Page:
Science doesn’t develop through verification of a theory; it develops through falsification. It’s the same with Gaelic football.

Derry’s theoretical approach was holding up until the All-Ireland semi-final stages. They now need to develop further, tweak things from an attacking perspective – a bit like Donegal did between 2011 and 2012 – if they are to win an All-Ireland.

There are so many coaching points to be gleaned from that one John Daly pass. For instance, holding resolutely to the belief that there is always space to be found in a blanket defence.

All it takes is a pocket of space, a rehearsed, angled run and a kicker that is coached to see the run and execute the pass.

GAA and soccer coach Shane Keegan talks about the importance of coaches creating “a psychologically safe environment” for players and cites Trent Alexander Arnold’s audacious corner-kick that left Barcelona flummoxed in their Champions League encounter at Anfield in 2019.

“If Jurgen Klopp hadn’t created a psychologically safe environment there is no way on this earth a young man like Trent Alexander Arnold would have taken that corner in the manner that he did,” said Keegan.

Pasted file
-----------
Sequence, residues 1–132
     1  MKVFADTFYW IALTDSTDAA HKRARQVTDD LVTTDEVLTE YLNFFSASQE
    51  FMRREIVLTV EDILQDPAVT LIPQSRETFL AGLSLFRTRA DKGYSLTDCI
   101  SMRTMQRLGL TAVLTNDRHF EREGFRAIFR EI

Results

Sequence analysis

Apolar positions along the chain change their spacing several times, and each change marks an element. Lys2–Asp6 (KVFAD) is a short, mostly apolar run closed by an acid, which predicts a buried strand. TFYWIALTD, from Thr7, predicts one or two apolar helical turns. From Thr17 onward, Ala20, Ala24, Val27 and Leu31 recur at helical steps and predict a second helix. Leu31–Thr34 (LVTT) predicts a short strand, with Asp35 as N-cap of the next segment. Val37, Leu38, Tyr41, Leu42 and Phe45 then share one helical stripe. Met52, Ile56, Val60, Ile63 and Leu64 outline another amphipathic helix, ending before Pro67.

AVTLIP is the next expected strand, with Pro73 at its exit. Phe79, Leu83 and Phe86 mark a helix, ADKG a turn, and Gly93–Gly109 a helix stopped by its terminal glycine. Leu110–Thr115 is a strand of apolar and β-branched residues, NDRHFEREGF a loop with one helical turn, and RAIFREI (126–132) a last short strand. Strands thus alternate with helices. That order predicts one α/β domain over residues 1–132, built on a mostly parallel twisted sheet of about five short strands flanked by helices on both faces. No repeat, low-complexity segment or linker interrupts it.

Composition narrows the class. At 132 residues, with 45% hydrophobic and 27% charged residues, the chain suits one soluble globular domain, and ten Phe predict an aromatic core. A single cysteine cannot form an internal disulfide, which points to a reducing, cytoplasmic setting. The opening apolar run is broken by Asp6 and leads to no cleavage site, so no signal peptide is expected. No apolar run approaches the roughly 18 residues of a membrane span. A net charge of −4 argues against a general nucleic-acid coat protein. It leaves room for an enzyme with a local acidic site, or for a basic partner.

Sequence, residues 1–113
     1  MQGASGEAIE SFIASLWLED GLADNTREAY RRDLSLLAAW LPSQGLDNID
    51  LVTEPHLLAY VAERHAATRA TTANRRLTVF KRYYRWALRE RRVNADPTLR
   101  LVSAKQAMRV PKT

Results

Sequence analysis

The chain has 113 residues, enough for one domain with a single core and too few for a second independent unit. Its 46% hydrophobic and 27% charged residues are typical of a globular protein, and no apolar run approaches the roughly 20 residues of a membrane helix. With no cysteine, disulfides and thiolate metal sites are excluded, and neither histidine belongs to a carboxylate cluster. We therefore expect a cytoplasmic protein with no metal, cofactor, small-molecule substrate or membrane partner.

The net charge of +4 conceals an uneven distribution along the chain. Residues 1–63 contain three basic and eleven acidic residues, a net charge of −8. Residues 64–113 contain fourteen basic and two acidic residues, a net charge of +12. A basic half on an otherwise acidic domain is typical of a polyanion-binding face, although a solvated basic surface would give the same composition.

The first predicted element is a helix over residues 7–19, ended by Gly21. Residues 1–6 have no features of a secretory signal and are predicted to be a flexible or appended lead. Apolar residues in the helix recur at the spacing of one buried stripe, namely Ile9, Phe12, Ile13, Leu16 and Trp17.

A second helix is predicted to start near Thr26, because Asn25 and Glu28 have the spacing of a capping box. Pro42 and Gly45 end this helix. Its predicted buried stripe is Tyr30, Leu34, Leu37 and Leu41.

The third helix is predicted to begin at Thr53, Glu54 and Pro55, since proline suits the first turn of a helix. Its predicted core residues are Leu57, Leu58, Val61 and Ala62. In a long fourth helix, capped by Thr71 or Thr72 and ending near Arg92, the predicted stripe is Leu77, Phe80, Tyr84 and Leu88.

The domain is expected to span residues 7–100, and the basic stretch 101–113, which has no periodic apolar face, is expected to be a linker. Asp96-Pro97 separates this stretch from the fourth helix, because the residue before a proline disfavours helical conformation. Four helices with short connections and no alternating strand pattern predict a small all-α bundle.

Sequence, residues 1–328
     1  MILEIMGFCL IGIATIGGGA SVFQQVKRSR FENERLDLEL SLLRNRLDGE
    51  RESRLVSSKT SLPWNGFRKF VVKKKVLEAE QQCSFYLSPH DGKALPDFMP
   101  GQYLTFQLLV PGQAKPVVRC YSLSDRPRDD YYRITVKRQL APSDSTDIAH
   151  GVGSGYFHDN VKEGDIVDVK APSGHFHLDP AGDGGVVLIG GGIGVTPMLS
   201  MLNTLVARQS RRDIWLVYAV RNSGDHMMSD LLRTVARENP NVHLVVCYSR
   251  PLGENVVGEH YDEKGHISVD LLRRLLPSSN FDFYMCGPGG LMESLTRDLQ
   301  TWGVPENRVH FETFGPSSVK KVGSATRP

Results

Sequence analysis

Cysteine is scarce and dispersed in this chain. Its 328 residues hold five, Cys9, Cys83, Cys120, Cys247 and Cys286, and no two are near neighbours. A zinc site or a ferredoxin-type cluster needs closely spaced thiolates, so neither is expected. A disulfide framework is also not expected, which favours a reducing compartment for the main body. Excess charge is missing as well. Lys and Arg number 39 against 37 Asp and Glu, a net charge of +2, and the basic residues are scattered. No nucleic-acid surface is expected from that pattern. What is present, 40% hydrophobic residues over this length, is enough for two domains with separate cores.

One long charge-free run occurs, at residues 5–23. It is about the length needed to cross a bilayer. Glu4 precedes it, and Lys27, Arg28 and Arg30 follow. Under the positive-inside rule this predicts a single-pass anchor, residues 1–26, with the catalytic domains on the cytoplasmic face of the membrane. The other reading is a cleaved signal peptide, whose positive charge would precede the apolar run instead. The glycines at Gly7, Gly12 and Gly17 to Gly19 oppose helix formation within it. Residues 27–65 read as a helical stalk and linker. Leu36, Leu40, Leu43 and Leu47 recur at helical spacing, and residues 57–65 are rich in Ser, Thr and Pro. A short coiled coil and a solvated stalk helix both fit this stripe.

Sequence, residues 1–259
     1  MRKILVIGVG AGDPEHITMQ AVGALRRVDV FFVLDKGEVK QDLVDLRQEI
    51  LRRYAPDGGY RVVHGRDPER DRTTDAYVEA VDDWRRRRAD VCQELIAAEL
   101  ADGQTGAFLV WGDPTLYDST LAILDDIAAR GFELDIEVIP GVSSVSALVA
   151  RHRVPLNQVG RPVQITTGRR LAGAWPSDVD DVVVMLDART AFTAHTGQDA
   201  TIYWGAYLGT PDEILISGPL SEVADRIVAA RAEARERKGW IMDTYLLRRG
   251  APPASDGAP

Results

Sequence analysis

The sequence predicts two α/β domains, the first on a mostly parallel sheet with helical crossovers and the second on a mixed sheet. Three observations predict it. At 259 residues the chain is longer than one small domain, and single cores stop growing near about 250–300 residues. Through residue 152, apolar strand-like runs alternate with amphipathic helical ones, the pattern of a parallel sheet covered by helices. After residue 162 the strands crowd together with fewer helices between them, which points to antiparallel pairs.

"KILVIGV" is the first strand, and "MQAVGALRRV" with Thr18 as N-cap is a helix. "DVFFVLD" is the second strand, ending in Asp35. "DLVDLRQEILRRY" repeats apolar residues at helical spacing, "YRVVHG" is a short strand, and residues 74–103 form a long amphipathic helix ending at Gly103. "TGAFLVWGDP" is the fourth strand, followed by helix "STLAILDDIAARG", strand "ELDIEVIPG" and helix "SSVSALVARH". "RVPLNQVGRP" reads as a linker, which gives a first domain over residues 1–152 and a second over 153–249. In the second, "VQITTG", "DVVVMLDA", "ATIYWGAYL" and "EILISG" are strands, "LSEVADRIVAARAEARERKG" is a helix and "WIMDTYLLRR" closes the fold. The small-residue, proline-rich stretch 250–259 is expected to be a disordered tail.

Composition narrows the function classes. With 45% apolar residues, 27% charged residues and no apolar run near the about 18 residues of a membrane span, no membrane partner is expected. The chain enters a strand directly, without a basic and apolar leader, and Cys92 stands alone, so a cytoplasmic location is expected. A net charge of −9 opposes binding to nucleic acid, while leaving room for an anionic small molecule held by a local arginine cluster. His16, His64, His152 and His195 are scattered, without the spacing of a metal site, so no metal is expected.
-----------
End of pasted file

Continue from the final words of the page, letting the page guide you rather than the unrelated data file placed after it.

“That’s because of the culture of psychological safety – it’s encouraged and lads aren’t terrified to try things.”

There is also this notion that the modern-day player is better than those of the past. It will always be a subjective debate and we can be coloured by the era we grew up with.

In Gaelic football terms, today’s players are undoubtedly fitter and probably more tactically aware – but are they better?

When you sift through the archives of the ‘Noughties’, for instance, it was an era littered with great players.

Leaders. Players who took responsibility. A time when the coaching emphasis was pitched about right.

Underage coaches up and down the country should show the kids a clip of John Daly's left-footed pass to Johnny Heaney in the eighth minute of the 2022 All-Ireland final.

If they preach hard and long enough, they might just be moulding future match-winners.